At least 47,414 girls became victims of child marriage while 77,706 children became day laborers, official data reveals
Students arrive to attend their classes at the Rajuk Uttara Model College in Dhaka on Sept 12, 2021, as Bangladesh schools reopened after 18 months in one of the world's longest shutdowns due to the Covid-19 coronavirus pandemic. (Photo: Munir Uz Zaman / AFP)
Seventeen-year-old Tania Khatun suffered a major setback due to the Covid-19 pandemic as it not only disrupted her schooling but caused her poor parents to marry her off early.
Khatun, a student of Rajapur high school in Bangladesh’s Natore district, now regrets not being able to write her secondary school certificate examination this year.
“I got married in January 2021. The school was shut down due to the pandemic and no one knew how long the closure would last. So my parents forced me to marry against my will,” she told UCA News.
Khatun’s is not an isolated case in Bangladesh, where early marriage was the most common stumbling block for girls’ education even before the Covid-19 pandemic.
According to the government report released in August 2022, at least 47,414 girls were victims of child marriage and 77,706 children became laborers in 2021. The data was compiled based on information gathered from only 11,769 of the country's 20,960 secondary schools.
Khatun was in grade nine when the Covid-19 pandemic struck and feels that had her school not closed she could’ve continued her studies.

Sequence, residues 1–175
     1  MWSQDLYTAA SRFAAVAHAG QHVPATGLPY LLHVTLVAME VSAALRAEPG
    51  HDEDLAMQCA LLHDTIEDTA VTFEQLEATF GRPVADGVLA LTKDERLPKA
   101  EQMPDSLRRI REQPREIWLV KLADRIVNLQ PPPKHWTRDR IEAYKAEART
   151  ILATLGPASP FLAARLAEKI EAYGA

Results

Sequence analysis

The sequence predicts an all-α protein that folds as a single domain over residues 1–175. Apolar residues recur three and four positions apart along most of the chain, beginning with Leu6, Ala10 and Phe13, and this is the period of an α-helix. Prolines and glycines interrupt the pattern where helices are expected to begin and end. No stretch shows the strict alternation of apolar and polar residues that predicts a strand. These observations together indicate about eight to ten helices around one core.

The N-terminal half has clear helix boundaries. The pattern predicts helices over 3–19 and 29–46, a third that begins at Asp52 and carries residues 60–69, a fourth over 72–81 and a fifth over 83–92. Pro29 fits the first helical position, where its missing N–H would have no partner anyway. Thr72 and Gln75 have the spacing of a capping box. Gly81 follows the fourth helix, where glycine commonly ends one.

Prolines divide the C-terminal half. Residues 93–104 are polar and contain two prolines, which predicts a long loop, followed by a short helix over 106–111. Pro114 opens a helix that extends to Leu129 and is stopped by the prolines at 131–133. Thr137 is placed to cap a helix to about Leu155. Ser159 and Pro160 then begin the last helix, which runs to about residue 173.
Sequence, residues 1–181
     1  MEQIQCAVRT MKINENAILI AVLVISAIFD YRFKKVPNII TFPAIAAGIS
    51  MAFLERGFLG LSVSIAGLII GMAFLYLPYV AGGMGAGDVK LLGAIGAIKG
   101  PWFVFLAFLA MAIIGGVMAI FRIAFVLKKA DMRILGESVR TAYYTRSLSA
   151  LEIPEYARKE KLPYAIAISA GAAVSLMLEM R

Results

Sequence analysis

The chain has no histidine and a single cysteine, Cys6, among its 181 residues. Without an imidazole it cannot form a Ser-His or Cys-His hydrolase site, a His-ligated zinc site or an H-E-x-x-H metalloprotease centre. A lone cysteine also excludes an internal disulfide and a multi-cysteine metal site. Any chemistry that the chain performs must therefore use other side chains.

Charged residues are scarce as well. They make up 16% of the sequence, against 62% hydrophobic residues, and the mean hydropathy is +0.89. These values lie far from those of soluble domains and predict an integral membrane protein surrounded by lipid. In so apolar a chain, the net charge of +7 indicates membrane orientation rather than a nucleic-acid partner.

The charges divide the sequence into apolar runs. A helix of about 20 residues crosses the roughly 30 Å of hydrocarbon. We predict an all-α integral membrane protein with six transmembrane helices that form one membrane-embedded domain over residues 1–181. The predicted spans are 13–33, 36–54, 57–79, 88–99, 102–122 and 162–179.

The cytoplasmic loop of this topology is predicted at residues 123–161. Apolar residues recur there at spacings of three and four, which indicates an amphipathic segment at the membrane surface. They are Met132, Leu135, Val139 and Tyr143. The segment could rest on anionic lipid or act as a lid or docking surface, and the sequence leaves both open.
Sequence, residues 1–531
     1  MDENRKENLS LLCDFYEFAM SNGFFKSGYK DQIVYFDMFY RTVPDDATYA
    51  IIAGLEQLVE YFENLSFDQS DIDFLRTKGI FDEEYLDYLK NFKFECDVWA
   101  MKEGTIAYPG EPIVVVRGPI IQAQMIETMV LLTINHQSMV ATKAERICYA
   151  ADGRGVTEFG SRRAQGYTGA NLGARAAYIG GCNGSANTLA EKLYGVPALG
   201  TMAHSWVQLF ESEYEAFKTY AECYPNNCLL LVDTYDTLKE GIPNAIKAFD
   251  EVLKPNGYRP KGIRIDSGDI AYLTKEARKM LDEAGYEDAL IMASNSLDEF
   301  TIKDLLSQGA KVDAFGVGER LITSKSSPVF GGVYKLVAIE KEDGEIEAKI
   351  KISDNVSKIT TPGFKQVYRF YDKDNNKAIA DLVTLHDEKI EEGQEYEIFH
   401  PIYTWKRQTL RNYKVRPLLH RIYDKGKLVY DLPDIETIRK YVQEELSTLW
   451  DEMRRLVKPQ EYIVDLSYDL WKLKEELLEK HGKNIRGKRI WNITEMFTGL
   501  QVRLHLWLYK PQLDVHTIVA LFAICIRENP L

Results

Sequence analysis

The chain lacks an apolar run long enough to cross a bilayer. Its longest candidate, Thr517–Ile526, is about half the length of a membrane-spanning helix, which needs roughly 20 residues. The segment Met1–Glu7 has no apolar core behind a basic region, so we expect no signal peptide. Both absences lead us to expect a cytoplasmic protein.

“At least, I could have made the family understand and continue studying,” she says almost drawn to tears.
The scale of the disruption caused by the pandemic in the South Asian nation was much more devastating as evident from the available data.
The Ministry of Education shut down all educational institutions on March 17, 2020, to be partially reopened on Sep. 12, 2021. Schools remained closed for a record 543 days.
Some 1.77 million students in Bangladesh dropped out of primary and secondary schools during 2020-21, according to data compiled by the Bureau of Educational Information and Statistics and the Directorate of Primary Education.
The dropout rates, forcing thousands to become child brides and child laborers, reflect the massive learning setbacks, especially for poor children like Khatun who not only suffered due to the closing of schools but also due to their families’ income losses and the overall chaos and fear in their daily lives.
Fortunately for Khatun, her husband and in-laws have agreed to let her pursue studies after the enforced break of nearly three years. She has decided to go back to school, and although it is a difficult task she is determined to appear for the exam next year.
“I know it is going to be very tough but my husband has assured me to help. My mother-in-law and sister-in-law are sympathetic too. It is going to cost us about 2000 taka (US$19) but my husband has agreed to pay,” Khatun added.
Her father, Taijul Islam, is relieved. The 48-year-old runs a small grocery store earning around 15,000 taka (US$141) a month.
“The Covid-19 pandemic hit us hard. I was barely able to feed my family of five. There was terrible uncertainty about the future when a marriage proposal came for my daughter," he said.
Islam said he agreed to marry her without even thinking about it.
Khatun’s husband, Sharif Ahmed, 28, is a graduate and works for a pharmaceutical company as a medical promotion officer making around 50,000 taka (US$ 470) a month.
“As much as I suffered from not being able to teach my daughter, I am happy now because she will be able to study again. Thanks to my son-in-law,” Islam told UCA News.
No such luck for Antar Tudu who regrets skipping the secondary school certificate examination last year.
“If only I could have found the time to study and pass the exam I would have been in college like my friends,” he told UCA News
Instead, the 18-year-old school dropout is now working as a day laborer.
Tudu, who lives in Osmanpur village in Dinajpur district, used to study at the local St. John Mary Vianney High School run by the Catholic Church.